In the third article, André Reichel guides the reader through a systematic introduction to Niklas Luhmann’s systems theory. This happens by way of Spencer-Brown’s work on the laws of form and his ‘indicational notation’ as it applies to organizational problems in general. Through a system of distinctions (like the one that separates a piece of paper into two areas) and indications (as when one of the areas is marked), Reichel shows how apparently highly formal operations are able to conjure up entire universes. Indeed, as such operations continue, they also gather space and time into their command. Fundamentally, they are autopoietic systems that recreate themselves through self-observation. As one such system, the economy may have its basic flaw in its bias towards its own system of reference – it always talks about communication in terms of economics and, hence, scarcity. Eventually, an individual in a firm in a growth economy can only be observed through that individual’s consumptive relationship with the firm. In this regard, as the above reading of Agamben’s use of profanation signals, philosophy might have been a more reflexive resource able to contextualize this consumption. As it stands, the system’s self-description remains bent on strictly economic signifiers. However, it is against this ‘biased’ backdrop that Reichel provides an alternative vocabulary fit for contextualizing the future’s firm in much more varied and far-reaching contexts involving dialogue, polyphony, and non-contingent values. This is systems theory as a critique as well as an affirmation, especially as an affirmation of a future economy bent not on scarcity but on abundance.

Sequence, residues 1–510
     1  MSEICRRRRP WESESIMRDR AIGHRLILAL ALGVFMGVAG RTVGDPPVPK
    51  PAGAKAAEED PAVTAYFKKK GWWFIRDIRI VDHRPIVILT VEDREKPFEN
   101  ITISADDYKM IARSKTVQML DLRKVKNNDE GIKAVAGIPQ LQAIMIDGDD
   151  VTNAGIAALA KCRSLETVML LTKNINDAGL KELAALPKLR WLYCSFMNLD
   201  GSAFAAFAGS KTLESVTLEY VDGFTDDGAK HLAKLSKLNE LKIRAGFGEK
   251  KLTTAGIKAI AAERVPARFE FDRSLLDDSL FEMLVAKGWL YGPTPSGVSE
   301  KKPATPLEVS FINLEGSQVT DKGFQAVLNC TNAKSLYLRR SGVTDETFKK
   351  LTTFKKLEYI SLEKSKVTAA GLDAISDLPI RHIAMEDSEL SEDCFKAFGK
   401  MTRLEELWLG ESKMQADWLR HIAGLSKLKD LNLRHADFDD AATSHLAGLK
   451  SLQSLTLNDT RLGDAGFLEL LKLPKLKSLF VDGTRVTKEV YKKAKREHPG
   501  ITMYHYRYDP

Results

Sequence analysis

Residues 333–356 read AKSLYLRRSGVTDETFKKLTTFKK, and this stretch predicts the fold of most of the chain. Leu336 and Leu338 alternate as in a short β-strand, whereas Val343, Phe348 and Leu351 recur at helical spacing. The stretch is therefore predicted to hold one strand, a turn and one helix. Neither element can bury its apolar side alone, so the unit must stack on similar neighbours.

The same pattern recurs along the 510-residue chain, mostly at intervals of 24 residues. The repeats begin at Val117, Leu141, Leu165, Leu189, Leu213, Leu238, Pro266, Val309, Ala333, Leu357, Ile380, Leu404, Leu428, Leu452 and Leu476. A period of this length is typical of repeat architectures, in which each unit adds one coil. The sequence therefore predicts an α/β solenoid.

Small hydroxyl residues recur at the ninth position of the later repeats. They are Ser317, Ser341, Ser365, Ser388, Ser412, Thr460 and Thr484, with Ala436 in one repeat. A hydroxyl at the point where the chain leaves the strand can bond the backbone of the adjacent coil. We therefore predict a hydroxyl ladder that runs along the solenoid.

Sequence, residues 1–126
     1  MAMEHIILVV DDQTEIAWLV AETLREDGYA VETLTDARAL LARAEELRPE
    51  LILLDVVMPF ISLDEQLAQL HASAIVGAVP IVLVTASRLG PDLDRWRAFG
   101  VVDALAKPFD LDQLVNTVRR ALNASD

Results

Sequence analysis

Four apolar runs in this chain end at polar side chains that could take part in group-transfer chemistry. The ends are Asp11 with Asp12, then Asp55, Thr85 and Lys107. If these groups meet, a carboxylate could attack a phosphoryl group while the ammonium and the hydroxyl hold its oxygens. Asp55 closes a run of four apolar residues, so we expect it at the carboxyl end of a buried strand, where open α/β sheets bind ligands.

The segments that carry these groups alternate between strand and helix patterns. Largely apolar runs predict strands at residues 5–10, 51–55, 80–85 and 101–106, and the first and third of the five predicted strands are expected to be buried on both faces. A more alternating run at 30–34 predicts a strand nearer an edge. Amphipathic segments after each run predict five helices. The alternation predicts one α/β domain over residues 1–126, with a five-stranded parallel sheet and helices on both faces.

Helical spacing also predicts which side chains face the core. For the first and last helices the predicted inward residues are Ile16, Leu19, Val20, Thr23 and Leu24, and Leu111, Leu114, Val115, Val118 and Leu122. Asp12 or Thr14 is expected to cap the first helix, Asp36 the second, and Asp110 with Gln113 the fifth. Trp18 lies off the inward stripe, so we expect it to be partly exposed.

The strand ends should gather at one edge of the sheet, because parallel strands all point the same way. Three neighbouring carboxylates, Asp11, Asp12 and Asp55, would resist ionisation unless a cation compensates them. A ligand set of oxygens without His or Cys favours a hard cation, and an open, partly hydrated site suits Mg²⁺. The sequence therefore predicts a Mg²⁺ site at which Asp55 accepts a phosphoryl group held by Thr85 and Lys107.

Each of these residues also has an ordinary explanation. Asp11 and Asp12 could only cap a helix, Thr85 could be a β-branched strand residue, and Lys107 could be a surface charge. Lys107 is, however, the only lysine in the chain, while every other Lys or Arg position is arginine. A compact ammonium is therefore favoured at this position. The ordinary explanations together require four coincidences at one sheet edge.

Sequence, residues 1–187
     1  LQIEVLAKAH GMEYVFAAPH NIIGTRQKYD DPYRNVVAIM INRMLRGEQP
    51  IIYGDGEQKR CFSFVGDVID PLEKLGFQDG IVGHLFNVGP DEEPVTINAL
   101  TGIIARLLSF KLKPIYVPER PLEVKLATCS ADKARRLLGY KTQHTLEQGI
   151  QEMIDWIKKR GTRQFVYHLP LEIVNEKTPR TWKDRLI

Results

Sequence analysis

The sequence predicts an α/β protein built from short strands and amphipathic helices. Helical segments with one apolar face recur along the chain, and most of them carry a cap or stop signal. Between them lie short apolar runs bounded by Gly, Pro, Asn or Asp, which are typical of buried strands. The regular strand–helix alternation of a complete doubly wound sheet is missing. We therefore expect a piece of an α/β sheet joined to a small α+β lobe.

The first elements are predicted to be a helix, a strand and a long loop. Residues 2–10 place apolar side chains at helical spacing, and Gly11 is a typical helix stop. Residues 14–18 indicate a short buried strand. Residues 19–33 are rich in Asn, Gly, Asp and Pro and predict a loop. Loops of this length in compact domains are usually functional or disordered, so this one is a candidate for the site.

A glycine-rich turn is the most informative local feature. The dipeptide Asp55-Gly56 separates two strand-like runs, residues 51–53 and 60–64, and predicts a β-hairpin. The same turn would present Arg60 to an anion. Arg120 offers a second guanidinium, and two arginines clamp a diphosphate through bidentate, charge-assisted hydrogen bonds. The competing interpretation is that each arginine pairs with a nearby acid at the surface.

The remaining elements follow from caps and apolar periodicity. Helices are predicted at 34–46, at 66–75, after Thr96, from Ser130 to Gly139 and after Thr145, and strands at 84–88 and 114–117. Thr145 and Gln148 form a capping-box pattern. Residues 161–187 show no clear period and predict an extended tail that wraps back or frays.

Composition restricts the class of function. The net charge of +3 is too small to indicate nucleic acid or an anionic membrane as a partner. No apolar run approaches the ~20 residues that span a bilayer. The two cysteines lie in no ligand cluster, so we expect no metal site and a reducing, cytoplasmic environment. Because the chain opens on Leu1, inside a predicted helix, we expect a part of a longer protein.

In the last article, Antonio Roman-Alcalá provides an elaborate, sustained empirical example of how a post-growth economy might look when seen from the point of view of food production. In particular, he focuses on the perspective of peasantries and related movements, such as the transnational food sovereignty network La Via Campesina. The latter represents at least 200 million people, and its notion of food sovereignty challenges the current disempowerment of local producers and communities. Although peasantries produce ‘to markets’, they have a long tradition of living within non-growth economies and even struggling to maintain that stance. Roman-Alcalá argues that a new regime that simultaneously involves and challenges governments, market actors, and civil society is needed. This regime could balance reformism and radicalism instead of pitting them against each other. This move must include a broader view on exchange than just the economic one, thereby opening up for ‘moral economies’ and markets ‘nested’ in normative frameworks. In this regard, Roman-Alcalá points to the need to rethink democratic inclusion and the need to transform sovereignty into a notion that goes beyond power ‘over’ or ‘against’, and moves towards ‘relational sovereignty’. This will by no means be an easy task, and the bottom-up processes of food sovereignty movements is just one of several paths that need to be explored.